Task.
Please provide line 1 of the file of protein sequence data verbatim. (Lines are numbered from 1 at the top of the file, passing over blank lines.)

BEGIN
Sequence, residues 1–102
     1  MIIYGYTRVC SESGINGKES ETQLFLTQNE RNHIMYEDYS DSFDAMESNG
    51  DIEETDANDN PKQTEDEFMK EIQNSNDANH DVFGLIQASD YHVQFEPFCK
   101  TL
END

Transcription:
Sequence, residues 1–102